What IS a Multiple Offer Situation?
When the market is hot--like Ottawa’s is right now--competition for properties is tight and multiple offer scenarios becomes more common. A multiple offer situation is just what it sounds like: one seller receives offers from several potential buyers. Today I’m going to give you a picture of what the scenario looks like for both buyers and sellers.
As A Seller
From a seller’s perspective, the multiple offer situation can look like a feast if you have a cool head under pressure, and overwhelming if you don’t. Luckily, if you trust and work well with your Realtor you can come out on top! Once your Realtor has told you that multiple offers have been presented, you’ll have a chance to consider each one in the order they are received. You have three options for how to deal with each offer: accept, reject, or counter. You aren’t obligated to accept or counter any offer, but if you receive two that fully meet the terms written in your listing contract, you may decide to accept one and have your Realtor notify the agent who presented your second choice that you would be willing to accept it as a backup if your first choice collapses.
When you look at an offer, your eye will probably zero in on the highest price first. But money isn’t everything when considering offers. Keep in mind:
- Conditions and contingencies: Fewer conditions will give the buyer fewer chances to back out of a deal.
- Closing dates: When do you want to move--in weeks or in months? If you’re eager to move soon and have numerous offers, the one prepared to close quickly might be the most attractive.
As A Buyer
Imagine that you’ve just found your dream home--and your realtor informs you that several other house hunters feel the same way about the same home.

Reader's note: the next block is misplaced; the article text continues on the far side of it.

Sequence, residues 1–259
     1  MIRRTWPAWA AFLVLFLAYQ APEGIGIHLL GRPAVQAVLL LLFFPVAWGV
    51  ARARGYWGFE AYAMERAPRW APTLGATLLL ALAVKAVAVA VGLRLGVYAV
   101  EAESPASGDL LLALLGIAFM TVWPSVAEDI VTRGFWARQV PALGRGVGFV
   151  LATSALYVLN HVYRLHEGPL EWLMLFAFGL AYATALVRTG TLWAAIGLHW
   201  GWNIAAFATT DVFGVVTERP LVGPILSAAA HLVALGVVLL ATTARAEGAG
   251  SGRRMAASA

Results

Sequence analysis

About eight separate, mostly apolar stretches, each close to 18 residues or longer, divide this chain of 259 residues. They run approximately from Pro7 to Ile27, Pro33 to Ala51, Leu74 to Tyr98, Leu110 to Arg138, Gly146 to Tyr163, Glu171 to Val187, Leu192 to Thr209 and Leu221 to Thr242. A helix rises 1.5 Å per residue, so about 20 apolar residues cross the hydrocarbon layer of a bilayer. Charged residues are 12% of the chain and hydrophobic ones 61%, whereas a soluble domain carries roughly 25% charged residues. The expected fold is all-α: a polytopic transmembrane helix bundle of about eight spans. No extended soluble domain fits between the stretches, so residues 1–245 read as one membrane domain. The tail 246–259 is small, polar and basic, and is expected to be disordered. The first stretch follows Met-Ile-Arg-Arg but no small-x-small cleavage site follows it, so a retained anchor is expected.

First you’ll write up your own best offer; you may not get a second chance, so keep in mind that the fewer terms and conditions you include, the better it will look to the seller.
Under Ontario law, a seller’s representative can only give you three pieces of information when you are competing in a multiple offer situation:
- The number of offers that have been submitted.
- Whether any of the buyers are represented by the same brokerage as the seller.
- Whether the seller’s brokerage has an agreement to reduce their commission for buyers who are represented by a certain brokerage.
You won’t know how much other buyers are offering, or the terms/conditions they’ve included in their offers. If your offer is countered, you will need to act quickly to respond, since the seller might decide to rescind and accept another offer in the interim. If your offer is rejected, you can make a backup offer in the event that the accepted offer breaks down.
Have more questions about presenting or receiving multiple offers? Ready to list your own property, or start your home search? Get in touch with us today--by phone, email, or live chat!
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